Have you seen Straight Outta Compton yet? It took me nearly an hour into my screening before I could get over the fact that O’Shea Jackson Jr. wasn’t, in fact, a digital recreation of his father, Ice Cube, from the early 1990s. The kid is a dead ringer for his father, and I assumed that the stark resemblance to a jerry curled Ice Cube is what landed Jackson Jr. the role. Turns out, Cube made his son work harder than most to earn the role, and his training paid off.
F. Gary Gray’s N.W.A biopic Straight Outta Compton has been crushing it at the box office, adding to what has become a banner year for Universal Studios. But just because Ice Cube was a producer on the movie doesn’t mean he handed his son the plum role of playing one of N.W.A’s founding members. The young actor told PEOPLE that he went through "the wringer" just for the opportunity to play his dad in the movie, explaining:
Ice Cube had to realize how important it was to cast the right person to play himself – and the other vital members of N.W.A – if Straight Outta Compton was going to soar. But he also knew that if he just handed the role to his son, with no competition, he would get crucified. The young actor put his nose to the grindstone, training for months with acting coaches including Aaron Speiser and Susan Batson, whose clients include Will Smith and Nicole Kidman, respectively. Still, O’Shea Jackson Jr. had to beat others out for the role. To that end, the producer/star said that the final round of auditions came down to everyone having to choose between two other possible Ice Cubes and three Dr. Dre’s. The final test was having the actors rap their own versions of the songs on the seminal N.W.A album "Straight Outta Compton." That’s when Jackson Jr.’s skills as a musician came into play. A source close to the production told PEOPLE that Jackson’s skills on the mic ultimately earned him the role.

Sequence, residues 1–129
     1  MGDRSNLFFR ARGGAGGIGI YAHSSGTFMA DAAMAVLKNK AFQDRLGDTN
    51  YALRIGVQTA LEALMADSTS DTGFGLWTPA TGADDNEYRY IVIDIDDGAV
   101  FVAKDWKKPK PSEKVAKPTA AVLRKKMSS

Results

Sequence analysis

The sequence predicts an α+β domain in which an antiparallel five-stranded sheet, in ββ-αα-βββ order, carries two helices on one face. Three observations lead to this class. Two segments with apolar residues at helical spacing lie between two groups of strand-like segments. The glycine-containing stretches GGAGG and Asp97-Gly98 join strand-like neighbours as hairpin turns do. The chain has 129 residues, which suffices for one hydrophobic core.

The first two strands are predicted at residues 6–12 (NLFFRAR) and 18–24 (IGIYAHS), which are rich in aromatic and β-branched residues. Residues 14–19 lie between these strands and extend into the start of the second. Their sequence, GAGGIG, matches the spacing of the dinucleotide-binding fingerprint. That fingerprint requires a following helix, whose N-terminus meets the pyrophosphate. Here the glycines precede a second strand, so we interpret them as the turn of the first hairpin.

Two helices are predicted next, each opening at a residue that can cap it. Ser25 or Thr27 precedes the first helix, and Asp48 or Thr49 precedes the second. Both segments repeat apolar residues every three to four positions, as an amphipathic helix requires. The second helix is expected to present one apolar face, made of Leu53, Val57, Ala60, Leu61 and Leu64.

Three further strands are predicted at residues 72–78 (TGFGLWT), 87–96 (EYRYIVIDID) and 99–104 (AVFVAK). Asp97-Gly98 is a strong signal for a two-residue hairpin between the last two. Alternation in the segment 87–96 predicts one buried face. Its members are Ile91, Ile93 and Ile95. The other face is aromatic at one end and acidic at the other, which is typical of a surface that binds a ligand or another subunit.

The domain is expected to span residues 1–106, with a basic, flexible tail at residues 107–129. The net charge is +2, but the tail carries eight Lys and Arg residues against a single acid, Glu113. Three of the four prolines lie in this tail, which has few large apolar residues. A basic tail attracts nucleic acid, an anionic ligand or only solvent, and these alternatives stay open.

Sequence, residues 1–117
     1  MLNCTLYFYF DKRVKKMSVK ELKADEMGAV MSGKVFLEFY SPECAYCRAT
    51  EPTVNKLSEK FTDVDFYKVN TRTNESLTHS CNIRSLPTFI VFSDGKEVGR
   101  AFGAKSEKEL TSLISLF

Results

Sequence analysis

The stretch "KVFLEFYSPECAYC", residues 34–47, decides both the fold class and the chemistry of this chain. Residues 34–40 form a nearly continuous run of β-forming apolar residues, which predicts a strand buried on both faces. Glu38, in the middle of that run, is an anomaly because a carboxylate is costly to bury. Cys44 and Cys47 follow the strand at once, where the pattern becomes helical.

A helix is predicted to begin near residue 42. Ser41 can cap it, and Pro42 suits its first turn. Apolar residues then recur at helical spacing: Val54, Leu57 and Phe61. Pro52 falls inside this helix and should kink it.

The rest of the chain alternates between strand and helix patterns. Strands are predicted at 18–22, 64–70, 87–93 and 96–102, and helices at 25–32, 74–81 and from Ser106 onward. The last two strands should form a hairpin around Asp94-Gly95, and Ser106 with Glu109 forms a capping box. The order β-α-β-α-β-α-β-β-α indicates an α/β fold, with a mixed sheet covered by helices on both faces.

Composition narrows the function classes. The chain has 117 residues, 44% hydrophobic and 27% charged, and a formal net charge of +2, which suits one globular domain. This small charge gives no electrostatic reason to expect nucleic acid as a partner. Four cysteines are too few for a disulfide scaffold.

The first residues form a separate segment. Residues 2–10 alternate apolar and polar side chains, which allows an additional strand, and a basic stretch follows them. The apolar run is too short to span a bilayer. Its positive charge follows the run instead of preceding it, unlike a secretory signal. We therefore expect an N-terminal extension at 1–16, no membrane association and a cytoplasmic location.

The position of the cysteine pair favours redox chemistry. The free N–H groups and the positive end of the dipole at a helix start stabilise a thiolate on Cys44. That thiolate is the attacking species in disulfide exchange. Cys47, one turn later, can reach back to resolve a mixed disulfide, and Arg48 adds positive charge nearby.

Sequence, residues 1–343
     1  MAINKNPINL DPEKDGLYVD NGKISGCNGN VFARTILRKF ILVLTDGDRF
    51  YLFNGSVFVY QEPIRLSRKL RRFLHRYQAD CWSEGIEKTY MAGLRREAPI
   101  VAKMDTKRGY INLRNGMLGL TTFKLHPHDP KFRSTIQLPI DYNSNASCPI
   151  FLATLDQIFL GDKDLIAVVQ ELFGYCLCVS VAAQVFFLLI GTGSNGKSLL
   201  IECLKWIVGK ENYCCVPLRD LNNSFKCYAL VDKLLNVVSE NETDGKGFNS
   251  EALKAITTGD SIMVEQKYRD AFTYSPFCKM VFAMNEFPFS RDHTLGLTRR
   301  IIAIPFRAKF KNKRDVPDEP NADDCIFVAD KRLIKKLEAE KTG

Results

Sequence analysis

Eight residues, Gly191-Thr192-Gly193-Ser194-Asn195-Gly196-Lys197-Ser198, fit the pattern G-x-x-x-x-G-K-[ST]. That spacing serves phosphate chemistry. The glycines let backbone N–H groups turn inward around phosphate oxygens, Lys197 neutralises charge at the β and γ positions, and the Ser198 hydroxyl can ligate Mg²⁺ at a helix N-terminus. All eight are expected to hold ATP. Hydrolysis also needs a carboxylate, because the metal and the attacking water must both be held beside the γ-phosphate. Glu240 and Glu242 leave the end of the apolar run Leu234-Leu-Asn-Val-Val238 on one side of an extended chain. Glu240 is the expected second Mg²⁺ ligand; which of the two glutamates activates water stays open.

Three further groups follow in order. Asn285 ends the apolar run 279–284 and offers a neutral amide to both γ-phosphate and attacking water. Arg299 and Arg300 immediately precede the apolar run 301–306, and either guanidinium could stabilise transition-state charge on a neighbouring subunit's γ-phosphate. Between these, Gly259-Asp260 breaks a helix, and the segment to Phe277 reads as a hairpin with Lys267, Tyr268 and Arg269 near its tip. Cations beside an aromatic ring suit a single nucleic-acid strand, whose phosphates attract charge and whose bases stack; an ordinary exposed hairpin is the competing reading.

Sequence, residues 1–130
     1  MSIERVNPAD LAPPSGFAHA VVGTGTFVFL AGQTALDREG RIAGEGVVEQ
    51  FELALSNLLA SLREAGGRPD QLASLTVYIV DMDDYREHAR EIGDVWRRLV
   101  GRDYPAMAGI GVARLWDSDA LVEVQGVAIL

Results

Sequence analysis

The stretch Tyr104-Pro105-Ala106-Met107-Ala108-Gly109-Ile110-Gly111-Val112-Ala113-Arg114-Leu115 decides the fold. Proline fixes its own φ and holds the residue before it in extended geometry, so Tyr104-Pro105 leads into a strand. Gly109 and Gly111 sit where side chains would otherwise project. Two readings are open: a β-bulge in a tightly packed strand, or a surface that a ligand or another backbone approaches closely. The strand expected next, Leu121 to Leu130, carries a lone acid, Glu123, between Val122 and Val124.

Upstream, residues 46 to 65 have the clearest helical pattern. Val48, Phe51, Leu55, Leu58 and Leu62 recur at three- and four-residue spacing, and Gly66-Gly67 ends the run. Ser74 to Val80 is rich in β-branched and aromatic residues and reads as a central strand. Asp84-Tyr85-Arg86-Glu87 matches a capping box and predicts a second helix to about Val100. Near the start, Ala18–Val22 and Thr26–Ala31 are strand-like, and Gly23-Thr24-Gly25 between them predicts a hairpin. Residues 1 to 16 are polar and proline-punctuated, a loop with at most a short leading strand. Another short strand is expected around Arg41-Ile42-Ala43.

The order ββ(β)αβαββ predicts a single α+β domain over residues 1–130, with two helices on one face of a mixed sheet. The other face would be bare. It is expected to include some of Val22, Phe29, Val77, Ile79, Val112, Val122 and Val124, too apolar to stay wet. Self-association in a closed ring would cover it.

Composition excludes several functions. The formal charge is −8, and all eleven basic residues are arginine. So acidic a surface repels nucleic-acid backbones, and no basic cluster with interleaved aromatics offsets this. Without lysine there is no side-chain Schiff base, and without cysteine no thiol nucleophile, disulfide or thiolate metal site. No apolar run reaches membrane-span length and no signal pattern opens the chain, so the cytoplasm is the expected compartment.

Once you have seen Straight Outta Compton, you’ll wonder how anyone BUT O’Shea Jackson Jr. could have played young Ice Cube. The kid does a dead-on impersonation of his famous father, but also gives a subtle and powerful performance as an angry, upcoming artist finding his voice amid racial turmoil. I do wonder what other parts O’Shea Jackson Jr. could play in the future. But I also look forward to finding out what this actor will do next.
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Sean O’Connell is a journalist and CinemaBlend’s Managing Editor. Having been with the site since 2011, Sean interviewed myriad directors, actors and producers, and created ReelBlend, which he proudly cohosts with Jake Hamilton and Kevin McCarthy. And he's the author of RELEASE THE SNYDER CUT, the Spider-Man history book WITH GREAT POWER, and an upcoming book about Bruce Willis.